According to the Athens Banner-Herald, the city of Pendergrass, Georgia took in about $558,020 in fines in 2006 — enough to pay the police department’s $312,636 budget in 2006 and then some. That’s quite a profit for any town, but it’s even more amazing when you consider that Pendergrass only has 491 residents. If you do the math that’s a bill of $1,136 per resident! That figure is by far the biggest in the state.
Either people spontaneously become much more dangerous drivers on Pendergrass’s one-mile stretch of highway or the city is trying to pad its budget by ticketing as many drivers as possible. The city can claim that it’s all about safety, but the numbers just don’t add up. Pendergrass takes in nearly five-times the revenue per resident collected by the town with the next highest police-revenue-per-resident numbers.
So why don’t the residents revolt? The answer is simple. They’re not the people getting the tickets. Because they live in the town and know the areas where the police carry out their strict enforcement, they’re largely immune to the fines being given out and receive the benefit of an increased town budget at no cost to them.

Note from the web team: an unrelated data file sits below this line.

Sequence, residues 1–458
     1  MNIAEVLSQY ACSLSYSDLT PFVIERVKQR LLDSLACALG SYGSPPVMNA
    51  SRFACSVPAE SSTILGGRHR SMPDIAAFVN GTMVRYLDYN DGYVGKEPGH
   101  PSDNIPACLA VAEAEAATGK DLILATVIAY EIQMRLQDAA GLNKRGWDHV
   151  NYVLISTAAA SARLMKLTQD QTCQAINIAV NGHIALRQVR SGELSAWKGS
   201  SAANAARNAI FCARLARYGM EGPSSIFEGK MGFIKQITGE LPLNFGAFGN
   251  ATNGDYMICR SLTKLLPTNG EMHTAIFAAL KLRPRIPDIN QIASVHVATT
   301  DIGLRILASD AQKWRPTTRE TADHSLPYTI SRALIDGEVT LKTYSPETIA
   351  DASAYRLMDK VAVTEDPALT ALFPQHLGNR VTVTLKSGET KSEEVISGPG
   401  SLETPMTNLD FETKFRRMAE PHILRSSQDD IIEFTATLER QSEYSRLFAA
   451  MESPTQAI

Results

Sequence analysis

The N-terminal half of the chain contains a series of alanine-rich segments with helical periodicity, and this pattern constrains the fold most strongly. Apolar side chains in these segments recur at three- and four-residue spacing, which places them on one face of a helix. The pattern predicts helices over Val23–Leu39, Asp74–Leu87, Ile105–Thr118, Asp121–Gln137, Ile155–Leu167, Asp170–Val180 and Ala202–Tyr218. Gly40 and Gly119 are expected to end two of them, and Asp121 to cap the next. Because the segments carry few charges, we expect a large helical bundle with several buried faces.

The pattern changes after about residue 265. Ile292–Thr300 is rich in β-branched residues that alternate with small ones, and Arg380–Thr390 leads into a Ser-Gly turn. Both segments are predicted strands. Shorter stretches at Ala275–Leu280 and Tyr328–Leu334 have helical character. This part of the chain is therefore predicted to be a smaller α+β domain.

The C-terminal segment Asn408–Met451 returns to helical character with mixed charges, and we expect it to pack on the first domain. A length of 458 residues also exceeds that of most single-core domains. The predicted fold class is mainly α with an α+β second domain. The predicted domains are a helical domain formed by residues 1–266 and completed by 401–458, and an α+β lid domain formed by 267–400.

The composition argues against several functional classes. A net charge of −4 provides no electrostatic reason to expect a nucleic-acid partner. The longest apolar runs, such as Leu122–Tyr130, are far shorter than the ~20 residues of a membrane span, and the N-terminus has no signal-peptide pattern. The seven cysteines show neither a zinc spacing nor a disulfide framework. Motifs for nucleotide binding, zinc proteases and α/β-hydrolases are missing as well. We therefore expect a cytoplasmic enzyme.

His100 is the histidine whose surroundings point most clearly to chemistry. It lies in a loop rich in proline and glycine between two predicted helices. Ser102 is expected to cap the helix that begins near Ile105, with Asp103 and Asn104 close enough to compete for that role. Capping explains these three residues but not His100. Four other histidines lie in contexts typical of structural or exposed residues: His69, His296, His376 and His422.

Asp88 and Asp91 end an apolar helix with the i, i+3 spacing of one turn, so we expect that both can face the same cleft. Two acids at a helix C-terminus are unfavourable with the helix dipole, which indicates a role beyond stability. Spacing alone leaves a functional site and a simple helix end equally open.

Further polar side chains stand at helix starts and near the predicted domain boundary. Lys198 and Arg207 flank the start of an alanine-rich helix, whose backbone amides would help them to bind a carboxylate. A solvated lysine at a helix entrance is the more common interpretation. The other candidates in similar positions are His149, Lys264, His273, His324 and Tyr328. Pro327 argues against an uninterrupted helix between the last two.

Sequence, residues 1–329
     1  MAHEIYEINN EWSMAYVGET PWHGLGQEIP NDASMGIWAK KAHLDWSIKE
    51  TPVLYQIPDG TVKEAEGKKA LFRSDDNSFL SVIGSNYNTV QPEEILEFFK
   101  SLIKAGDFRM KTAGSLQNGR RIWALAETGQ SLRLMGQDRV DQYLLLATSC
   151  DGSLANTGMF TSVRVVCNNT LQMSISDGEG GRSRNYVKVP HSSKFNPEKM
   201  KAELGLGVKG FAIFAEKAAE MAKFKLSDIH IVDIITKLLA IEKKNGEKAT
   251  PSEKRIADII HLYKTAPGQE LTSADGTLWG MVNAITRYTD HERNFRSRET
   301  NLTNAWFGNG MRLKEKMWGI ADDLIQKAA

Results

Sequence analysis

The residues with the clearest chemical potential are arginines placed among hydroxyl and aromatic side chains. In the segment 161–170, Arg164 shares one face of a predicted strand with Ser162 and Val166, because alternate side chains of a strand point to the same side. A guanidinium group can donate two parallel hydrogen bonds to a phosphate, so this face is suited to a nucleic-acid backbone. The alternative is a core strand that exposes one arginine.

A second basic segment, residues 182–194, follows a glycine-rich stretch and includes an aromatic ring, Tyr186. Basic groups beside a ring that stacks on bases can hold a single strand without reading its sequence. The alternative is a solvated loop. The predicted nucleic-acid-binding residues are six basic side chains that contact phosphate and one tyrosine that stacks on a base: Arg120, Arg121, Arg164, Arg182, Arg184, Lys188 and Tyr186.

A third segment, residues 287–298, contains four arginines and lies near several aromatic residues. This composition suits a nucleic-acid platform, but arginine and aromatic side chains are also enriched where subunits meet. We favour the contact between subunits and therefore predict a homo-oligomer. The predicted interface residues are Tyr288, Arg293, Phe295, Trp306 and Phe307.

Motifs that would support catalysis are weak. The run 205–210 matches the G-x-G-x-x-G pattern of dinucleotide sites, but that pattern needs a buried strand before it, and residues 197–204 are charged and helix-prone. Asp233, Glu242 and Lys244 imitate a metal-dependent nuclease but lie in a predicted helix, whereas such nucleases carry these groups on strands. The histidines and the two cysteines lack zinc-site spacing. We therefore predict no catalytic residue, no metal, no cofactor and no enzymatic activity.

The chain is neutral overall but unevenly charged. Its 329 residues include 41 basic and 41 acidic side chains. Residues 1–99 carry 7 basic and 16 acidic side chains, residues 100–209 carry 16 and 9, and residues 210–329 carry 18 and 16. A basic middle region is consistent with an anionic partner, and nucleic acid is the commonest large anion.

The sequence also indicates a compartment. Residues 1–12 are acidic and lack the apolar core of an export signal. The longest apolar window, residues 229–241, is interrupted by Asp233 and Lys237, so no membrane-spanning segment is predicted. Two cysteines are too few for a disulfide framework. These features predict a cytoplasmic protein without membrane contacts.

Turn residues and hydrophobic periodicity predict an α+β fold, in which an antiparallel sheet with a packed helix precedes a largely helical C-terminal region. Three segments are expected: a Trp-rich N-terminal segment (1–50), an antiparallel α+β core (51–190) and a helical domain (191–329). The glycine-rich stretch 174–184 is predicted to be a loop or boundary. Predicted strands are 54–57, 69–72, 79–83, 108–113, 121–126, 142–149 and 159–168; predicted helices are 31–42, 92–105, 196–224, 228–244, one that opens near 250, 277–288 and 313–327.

Unfortunately, out-of-state drivers and people unfamiliar with the area don’t have that luxury and find themselves paying for additional Pendergrass police resources. More police resources means more tickets. And more tickets means more revenue for the city. It’s a vicious cycle that can only be stopped through speed trap legislation.
If you’re a Georgia resident, contact your legislators and let them know that it’s not right to value revenue over safety.